But I just think there’s something about the market mechanism that is very much a part of this culture right now and I think that we’re discovering it’s the same with television, you don’t have to watch what’s on the television right at that moment any more. I think comics has always been such an emphemeral art form that this kind of switch in the way we engage the art form has come along right when we’ve realized that it’s valuable. And so I think that’s gotta be a focus of how we engage the art form now.
There’s so much stuff that we haven’t discovered – someone like Dan Nadel puts out that book Out of Time, or the Fletcher Hanks book that’s out, where there’s all these wonderful ways to look at all these wonderful missed opportunites to look at work because there’s this almost rigid, weird, very limited way to look at comics that’s set you up to get you in the shop every Wednesday and that should be step one I think for a lot of people. For a lot of people that’s step one and done.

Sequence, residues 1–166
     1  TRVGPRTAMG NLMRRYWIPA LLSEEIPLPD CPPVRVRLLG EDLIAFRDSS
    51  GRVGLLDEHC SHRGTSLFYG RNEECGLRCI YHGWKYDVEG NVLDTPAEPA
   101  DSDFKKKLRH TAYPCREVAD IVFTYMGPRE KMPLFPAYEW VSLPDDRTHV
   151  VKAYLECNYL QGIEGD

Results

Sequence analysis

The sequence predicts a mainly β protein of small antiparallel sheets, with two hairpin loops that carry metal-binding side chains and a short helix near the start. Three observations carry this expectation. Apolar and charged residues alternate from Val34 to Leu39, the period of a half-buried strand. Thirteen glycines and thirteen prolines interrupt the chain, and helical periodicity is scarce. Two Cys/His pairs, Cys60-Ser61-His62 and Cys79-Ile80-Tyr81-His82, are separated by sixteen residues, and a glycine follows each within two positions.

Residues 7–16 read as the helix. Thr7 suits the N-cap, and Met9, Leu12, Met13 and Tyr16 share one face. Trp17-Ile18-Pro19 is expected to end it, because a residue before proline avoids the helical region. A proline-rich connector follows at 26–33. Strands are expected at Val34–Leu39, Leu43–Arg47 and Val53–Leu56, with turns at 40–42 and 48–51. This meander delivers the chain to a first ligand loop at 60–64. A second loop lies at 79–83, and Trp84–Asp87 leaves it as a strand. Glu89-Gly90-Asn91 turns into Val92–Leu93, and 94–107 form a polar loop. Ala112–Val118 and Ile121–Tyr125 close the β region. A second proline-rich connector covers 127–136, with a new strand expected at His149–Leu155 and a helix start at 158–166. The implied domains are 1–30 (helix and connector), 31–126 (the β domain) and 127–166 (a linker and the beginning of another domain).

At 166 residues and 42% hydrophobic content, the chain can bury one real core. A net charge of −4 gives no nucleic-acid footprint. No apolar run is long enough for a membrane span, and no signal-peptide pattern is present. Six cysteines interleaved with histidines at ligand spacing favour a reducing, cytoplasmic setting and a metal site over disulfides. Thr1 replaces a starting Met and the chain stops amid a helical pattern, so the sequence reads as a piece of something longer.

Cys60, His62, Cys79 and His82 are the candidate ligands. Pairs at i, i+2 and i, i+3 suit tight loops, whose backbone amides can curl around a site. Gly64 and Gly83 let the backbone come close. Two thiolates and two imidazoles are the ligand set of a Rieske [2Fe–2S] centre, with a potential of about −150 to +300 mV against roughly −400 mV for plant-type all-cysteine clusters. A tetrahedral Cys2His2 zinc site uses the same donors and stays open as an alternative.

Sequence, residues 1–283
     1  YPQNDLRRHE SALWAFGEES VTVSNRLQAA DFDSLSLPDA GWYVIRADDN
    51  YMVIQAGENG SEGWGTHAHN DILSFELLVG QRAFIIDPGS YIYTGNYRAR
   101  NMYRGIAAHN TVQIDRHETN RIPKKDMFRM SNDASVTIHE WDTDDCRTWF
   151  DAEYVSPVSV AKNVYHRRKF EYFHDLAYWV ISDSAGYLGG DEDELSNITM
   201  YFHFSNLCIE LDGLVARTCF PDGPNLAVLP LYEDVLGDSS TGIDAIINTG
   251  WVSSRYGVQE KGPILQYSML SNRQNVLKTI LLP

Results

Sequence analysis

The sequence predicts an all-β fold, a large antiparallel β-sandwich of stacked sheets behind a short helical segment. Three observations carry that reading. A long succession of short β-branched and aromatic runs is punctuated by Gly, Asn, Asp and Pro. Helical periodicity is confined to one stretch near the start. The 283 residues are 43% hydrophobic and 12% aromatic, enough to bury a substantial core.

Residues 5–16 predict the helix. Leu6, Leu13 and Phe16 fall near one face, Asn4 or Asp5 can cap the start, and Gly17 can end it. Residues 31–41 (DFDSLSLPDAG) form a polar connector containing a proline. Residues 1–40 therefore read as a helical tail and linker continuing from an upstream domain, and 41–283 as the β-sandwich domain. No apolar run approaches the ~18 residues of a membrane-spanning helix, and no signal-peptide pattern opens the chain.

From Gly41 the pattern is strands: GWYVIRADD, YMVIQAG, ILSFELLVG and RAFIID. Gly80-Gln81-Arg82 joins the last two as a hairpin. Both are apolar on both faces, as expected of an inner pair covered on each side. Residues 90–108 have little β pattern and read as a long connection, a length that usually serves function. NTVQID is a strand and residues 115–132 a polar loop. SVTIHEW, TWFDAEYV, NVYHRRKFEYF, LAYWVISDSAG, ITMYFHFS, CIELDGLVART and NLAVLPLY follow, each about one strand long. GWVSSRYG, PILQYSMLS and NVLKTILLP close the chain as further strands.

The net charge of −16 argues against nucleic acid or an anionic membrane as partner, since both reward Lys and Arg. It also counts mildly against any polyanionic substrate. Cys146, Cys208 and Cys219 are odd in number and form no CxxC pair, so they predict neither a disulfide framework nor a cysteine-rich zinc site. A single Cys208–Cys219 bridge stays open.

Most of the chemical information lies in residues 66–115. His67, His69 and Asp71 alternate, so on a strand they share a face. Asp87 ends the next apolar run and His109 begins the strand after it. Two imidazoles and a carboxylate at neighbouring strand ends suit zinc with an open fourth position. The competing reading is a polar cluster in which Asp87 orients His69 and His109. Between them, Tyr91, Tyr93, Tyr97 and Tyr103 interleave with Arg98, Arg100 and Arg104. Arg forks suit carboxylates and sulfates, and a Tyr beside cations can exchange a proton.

I would hope that people would explore all the different ways they can read comics. Cause it’s all comics. If it’s not exactly comics it’s close enough that I don’t know what you’re complaining about. I would hope people would read as wide a variety of great stuff as there is out there. I think it’s moving in that direction but sometimes it’s got to be nudged along a little.
Q: Would you argue that’s part of any good critics job? To say hey look at this, this is cool and point this stuff out?
A: Well, I think that’s the primary value that you get out of reading that stuff, to find new stuff and maybe get some insight onto stuff that you did or didn’t know about.